Elections 2012: Time Is Up and Ballots are Being Cast
After months of debates, primaries, and so many negative ads, the election draws to a close today. Millions of Americans will go to the polls and cast their votes for either President Barack Obama or Republican nominee Mitt Romney.
Some 30 million people have already done that, voting early by absentee ballot, or in early-voting poll booths.
Of course Election Day is only step one. Voters are actually casting ballots for Electors, who then will take the results from each state and meet in December to cast the actual ballots. But those votes are determined by what happens state by state in today’s election. Across the country, the National Congress of American Indians and the Native Vote project will be monitoring ballot access. NCAI has a hotline to call for people who are having voting problems, 1-866-OUR-VOTE or visit Native Vote.
(And if the lines are long: Stay in line. That is one of the lessons from the 2004 election. The polls will stay open as long as people are there.)
For Indian country this has already been an extraordinary election. It’s the first time that both major party candidates took the time to answer questions about their policies that impact Indian country.
Obama told Indian Country Today Media Network: “[With me] as president, you have a voice in the White House. Since the earliest days of my administration, we’ve been working hand in hand between our nations to keep that promise through a comprehensive strategy to help meet the challenges facing Native American communities.”
For his part, Romney also talked about what kind of president he would be for Indian country. “Americans Indians truly embody the American spirit of entrepreneurship, hard work and self-reliance. It is this spirit that will help our country return to economic prosperity,” Romney wrote. “I acknowledge and appreciate this spirit and will support tribes in their efforts to create and expand their economic opportunities. As president, I will be committed to providing tribes a seat at the table so that we can work together to get our economy back on track. I value the tribes’ input, and my administration will work to foster a culture of collaboration and respect.”
The arguments have been made (although Romney is still campaigning today) and now it’s up the voters. One of Obama’s last public events was last night on Monday Night Football. He’ll be in Chicago tonight, while Romney’s rally will be in Boston.
Soon the talk will shift from polls and who’s winning to the difficult task of governing. What happens today is significant in that regard because there is a clear philosophical difference about the role of government, health care, how the economy works, and U.S. foreign policy.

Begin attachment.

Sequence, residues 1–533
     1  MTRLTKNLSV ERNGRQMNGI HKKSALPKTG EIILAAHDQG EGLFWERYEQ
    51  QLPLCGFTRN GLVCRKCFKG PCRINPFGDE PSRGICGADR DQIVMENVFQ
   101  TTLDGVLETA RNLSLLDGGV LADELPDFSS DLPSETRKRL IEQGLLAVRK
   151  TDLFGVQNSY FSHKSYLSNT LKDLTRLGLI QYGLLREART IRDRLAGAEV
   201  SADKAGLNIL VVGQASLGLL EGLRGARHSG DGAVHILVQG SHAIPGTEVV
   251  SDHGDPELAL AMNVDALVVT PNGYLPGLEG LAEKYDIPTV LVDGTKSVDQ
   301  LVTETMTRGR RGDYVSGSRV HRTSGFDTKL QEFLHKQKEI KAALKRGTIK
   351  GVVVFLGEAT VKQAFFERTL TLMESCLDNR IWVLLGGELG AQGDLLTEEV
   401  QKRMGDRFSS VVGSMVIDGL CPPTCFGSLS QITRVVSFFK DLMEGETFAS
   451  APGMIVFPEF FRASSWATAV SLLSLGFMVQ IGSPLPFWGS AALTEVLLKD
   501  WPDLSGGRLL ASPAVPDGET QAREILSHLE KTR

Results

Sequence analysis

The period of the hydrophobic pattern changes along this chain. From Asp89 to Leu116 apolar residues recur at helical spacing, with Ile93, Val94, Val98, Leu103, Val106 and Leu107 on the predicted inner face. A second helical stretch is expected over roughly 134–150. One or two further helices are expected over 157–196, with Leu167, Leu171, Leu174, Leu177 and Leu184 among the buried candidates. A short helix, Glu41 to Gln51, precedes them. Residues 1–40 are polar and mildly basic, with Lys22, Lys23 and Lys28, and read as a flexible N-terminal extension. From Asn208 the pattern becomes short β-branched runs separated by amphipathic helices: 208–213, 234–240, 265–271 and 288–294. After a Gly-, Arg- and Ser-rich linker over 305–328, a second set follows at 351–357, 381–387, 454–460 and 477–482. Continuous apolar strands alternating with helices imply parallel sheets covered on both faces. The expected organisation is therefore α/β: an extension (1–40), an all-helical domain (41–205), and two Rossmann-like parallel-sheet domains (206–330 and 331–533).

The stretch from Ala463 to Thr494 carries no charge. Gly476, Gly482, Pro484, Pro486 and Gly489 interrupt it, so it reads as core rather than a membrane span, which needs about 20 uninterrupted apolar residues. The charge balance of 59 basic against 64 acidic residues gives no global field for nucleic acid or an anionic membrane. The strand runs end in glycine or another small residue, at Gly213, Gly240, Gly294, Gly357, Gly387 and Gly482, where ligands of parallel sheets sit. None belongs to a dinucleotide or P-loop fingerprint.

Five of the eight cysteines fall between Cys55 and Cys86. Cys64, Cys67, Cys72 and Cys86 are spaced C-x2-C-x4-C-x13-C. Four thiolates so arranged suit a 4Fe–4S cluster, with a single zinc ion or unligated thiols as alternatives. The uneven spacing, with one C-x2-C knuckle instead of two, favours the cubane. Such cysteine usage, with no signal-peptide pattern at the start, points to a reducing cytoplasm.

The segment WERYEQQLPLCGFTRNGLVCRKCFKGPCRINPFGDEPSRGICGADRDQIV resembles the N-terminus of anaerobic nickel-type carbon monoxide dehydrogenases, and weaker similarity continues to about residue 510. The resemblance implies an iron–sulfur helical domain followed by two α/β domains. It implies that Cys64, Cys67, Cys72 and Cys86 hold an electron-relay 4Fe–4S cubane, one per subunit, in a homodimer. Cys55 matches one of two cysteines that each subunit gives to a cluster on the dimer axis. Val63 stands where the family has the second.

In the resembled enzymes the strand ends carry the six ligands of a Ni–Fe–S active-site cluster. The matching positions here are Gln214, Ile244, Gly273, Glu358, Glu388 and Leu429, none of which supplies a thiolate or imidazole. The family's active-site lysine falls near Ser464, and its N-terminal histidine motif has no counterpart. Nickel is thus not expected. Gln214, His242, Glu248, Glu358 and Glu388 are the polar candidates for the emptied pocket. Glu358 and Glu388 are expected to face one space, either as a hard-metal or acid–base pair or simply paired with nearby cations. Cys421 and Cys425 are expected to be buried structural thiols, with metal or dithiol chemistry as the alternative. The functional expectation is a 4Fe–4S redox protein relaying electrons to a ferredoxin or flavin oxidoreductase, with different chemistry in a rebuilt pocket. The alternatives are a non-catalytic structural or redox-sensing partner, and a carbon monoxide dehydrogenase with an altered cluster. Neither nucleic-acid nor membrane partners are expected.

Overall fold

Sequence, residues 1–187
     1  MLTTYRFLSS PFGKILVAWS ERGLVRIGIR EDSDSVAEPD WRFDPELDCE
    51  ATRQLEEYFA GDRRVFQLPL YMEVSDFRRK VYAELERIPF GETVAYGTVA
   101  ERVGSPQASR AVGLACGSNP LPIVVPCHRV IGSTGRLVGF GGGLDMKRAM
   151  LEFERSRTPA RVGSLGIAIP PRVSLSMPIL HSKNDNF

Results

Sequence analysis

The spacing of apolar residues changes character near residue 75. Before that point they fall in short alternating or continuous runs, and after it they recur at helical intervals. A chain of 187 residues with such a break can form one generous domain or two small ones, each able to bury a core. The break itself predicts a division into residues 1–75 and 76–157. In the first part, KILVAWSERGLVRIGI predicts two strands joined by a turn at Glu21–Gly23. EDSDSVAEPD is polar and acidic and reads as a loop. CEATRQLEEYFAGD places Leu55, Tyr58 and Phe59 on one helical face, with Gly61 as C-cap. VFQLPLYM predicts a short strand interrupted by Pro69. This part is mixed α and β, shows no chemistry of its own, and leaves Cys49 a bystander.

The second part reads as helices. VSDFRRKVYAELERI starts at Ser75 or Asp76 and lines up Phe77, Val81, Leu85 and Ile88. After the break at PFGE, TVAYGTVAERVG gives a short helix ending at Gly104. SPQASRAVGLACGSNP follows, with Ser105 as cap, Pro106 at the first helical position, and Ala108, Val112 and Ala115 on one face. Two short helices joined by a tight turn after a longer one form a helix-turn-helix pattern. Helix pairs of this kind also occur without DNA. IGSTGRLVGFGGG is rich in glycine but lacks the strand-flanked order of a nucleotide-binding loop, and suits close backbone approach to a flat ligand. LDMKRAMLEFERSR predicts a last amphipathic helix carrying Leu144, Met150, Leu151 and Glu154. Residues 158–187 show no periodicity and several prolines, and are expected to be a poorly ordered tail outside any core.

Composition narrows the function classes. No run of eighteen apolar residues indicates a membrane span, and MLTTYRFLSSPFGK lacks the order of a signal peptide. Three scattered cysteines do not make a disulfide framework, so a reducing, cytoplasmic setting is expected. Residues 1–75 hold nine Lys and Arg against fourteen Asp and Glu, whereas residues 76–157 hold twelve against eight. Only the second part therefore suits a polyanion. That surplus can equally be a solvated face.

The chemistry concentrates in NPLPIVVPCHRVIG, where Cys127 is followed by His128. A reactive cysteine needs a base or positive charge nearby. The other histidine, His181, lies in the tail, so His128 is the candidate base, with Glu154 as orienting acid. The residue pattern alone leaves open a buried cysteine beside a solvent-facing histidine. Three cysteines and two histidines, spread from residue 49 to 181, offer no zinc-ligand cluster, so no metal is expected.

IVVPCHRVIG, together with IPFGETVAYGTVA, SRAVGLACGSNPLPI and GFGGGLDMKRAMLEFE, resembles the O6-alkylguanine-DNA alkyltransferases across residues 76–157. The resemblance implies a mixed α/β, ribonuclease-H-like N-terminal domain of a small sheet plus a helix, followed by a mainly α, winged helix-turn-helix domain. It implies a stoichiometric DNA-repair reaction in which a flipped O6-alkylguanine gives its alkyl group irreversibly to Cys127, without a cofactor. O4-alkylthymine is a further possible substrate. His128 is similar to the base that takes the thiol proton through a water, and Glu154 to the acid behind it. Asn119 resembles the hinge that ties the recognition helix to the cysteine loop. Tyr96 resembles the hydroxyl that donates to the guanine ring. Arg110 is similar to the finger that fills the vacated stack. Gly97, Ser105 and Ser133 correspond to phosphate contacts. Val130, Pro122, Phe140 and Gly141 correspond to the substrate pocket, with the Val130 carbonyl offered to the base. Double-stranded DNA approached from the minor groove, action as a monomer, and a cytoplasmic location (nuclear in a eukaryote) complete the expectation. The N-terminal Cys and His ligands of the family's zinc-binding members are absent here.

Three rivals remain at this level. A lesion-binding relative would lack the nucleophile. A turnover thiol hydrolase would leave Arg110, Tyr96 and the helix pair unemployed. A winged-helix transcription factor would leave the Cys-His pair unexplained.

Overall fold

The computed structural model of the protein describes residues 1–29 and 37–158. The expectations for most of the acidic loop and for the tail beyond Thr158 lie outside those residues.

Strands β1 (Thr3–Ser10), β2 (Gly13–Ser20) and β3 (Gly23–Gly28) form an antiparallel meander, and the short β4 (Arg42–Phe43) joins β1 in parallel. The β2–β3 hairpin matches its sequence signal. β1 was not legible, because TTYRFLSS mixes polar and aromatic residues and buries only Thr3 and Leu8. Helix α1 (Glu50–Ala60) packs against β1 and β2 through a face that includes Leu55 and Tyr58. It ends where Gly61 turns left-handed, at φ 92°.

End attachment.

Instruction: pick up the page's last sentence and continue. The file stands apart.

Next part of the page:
One way to see that difference is to look through the dueling op-eds from Democrats and Republicans on Indian issues.
Rep. Tom Cole wrote, for example, in Indian Country Today Media Network, that the “fears stoked by the House Natural Resources Committee Minority regarding the effects of the Ryan budget simply do not match the reality of the funding actually allocated by the House Appropriations Subcommittee for Interior and Environment on which I serve. The House majority has already been operating under the Ryan budget for two fiscal years, and in each of those years the funds appropriated for Indian country have surpassed both the dollars authorized under the budget framework and the amount requested by President Obama.”
That’s true if you look at the Indian Health Service and Bureau of Indian Affairs budget. But the story is more complicated, and again shows the difference, when you look at all of the numbers. Much of the growth in the Indian Health Service funding has been through third-party billing such as Medicaid. This part of the budget is supposed to be automatic, if a person is eligible, the money is there. But each state sets Medicaid policy. And the Ryan budget would turn even more authority over to states. Thus the “fears” that are raised do match the rhetoric of the campaign. They are real concerns. A clear philosophical difference.
Another concern raised by many in Indian country is over energy production. There are concerns from tribes in the Pacific Northwest about water quality and salmon. More concerns from tribes whose water or land is at risk from the Keystone XL Pipeline.
But all of that will be on hold until the ballots are counted.
What’s the first thing to watch tonight: Start with New Hampshire. If Romney wins there, he’s still in the game. If not, well, it will be an uphill climb.
Mark Trahant is a writer, speaker and Twitter poet. He is a member of the Shoshone-Bannock Tribes and lives in Fort Hall, Idaho. He has been writing about Indian Country for more than three decades. His e-mail is: firstname.lastname@example.org.
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